H. influenzae biogroup aegyptius (formerly called H. aegyptius) may cause mucopurulent conjunctivitis and bacteremic Brazilian purpuric fever. H. ducreyi causes chancroid Chancroid Chancroid is infection of the genital skin or mucous membranes caused by Haemophilus ducreyi and characterized by papules, painful ulcers, and enlargement of the inguinal lymph nodes leading... read more . H. parainfluenzae and H. aphrophilus are rare causes of bacteremia, endocarditis, and brain abscess.
Diagnosis of Haemophilus Infections
Diagnosis of Haemophilus infections is by culture of blood and body fluids. Strains involved in invasive illness should be serotyped.
Treatment of Haemophilus Infections
Various antibiotics depending on site and severity of infection
Treatment of Haemophilus infections depends on nature and location of the infection, but, for invasive disease, beta-lactam/beta-lactamase inhibitors, fluoroquinolones, and 2nd- and 3rd-generation cephalosporins are used. The Hib conjugate vaccine Haemophilus influenzae Type b (Hib) Vaccine Haemophilus influenzae type b (Hib) vaccines help prevent Haemophilus infections but not infections caused by other strains of H. influenzae bacteria. H. influenzae causes many childhood infections... read more has markedly reduced the rate of bacteremia.
Children with serious illness are hospitalized with contact and respiratory isolation for 24 hours after starting antibiotics.
Antibiotic choices depend strongly on the site of infection and require susceptibility testing; many isolates in the US produce beta-lactamase (eg, > 50% are resistant to ampicillin).
For invasive illness, including meningitis, cefotaxime or ceftriaxone is recommended. For less serious infections, oral cephalosporins (except for 1st-generation cephalosporins such as cephalexin), azithromycin or other macrolides, and amoxicillin/clavulanate are generally effective. (See individual disease entries for specific recommendations.)
Cefotaxime and ceftriaxone eliminate respiratory carriage of H. influenzae, but other antibiotics used for systemic infection do not do so reliably. Thus, children with systemic infection who were not treated with cefotaxime or ceftriaxone should be given rifampin immediately after completing treatment and before resuming contact with other children.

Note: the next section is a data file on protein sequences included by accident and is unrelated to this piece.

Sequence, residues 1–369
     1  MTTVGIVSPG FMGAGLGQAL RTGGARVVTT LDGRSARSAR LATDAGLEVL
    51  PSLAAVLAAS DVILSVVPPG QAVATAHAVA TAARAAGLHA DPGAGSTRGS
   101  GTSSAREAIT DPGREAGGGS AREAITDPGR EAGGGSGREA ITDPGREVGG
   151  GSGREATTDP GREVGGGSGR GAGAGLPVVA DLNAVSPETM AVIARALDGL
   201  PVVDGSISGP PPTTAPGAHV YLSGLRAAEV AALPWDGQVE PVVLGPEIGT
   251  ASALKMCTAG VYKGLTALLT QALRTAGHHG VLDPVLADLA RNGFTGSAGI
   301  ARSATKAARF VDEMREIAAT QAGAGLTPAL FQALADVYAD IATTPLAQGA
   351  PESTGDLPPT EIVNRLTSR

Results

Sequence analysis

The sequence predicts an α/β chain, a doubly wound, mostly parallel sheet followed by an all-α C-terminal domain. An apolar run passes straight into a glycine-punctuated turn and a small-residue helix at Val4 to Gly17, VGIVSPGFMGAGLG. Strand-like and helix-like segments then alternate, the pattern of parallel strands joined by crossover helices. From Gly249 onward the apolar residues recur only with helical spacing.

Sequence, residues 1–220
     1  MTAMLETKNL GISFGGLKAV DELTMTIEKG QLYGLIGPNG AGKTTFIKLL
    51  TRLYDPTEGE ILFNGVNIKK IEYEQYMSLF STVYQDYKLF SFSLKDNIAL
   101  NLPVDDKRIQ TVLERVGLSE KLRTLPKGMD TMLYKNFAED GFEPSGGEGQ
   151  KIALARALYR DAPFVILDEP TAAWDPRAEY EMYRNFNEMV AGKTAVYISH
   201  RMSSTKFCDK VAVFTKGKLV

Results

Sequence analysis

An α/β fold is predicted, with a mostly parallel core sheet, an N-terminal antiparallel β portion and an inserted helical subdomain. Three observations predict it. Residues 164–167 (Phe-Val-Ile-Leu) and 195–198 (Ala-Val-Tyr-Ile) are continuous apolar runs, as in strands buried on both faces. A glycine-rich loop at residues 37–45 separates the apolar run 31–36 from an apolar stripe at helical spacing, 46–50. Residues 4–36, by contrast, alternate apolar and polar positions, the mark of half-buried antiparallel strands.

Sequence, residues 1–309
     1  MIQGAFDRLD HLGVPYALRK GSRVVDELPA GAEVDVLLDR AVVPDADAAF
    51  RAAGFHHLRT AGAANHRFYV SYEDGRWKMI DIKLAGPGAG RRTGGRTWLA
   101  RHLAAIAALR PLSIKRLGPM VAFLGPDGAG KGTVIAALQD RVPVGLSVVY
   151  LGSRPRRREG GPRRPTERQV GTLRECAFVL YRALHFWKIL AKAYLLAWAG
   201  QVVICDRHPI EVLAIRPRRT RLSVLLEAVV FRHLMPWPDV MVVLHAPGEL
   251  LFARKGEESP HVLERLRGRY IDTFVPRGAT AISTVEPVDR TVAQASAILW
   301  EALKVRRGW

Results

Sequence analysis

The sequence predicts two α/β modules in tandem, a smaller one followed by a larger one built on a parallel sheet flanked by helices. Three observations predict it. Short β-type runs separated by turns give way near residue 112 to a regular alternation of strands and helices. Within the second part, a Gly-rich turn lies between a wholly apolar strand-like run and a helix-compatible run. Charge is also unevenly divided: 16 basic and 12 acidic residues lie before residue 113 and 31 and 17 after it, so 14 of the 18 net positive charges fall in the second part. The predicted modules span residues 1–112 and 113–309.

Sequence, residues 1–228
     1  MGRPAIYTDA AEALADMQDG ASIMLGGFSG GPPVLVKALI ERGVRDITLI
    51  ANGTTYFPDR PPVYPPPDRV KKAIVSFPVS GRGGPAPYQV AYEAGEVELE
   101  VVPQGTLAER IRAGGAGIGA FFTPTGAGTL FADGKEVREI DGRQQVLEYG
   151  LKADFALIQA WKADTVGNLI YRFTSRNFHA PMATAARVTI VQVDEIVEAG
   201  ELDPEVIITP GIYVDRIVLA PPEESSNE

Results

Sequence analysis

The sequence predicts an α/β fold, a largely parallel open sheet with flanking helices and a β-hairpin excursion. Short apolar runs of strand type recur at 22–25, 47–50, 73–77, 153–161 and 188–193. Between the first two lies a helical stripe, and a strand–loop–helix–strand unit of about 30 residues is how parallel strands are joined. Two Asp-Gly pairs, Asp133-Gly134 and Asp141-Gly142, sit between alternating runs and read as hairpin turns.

Prevention of Haemophilus Infections
Hib conjugate vaccines Haemophilus influenzae Type b (Hib) Vaccine Haemophilus influenzae type b (Hib) vaccines help prevent Haemophilus infections but not infections caused by other strains of H. influenzae bacteria. H. influenzae causes many childhood infections... read more are available for children ≥ 2 months of age and have reduced invasive infections (eg, meningitis, epiglottitis, bacteremia) by 99%. A primary series is given at age 2, 4, and 6 months or at age 2 and 4 months, depending on the vaccine product. A booster at age 12 to 15 months is indicated.
Contacts within the household may have asymptomatic H. influenzae carriage. Unimmunized or incompletely immunized household contacts < 4 years are at risk of illness and should receive a dose of vaccine. In addition, all household members (except pregnant women) should receive prophylaxis with oral rifampin 600 mg (20 mg/kg for children ≥ 1 month;10 mg/kg for children < 1 month) once a day for 4 days.
Nursery or day care contacts should receive prophylaxis if ≥ 2 cases of invasive disease occurred in 60 days. The benefit of prophylaxis if only one case occurred has not been established.
Several species of Haemophilus are pathogenic; the most common is H. influenzae.
H. influenzae causes many types of mucosal and, less commonly, invasive infection, primarily in children.
Antibiotic choices depend strongly on the site of infection and require susceptibility testing.
H. influenzae type b (Hib) conjugate vaccines, given as part of routine childhood immunization to children ≥ 2 months, have reduced invasive infections by 99%.
Close contacts may be asymptomatic H. influenzae carriers and typically are given prophylaxis with rifampin.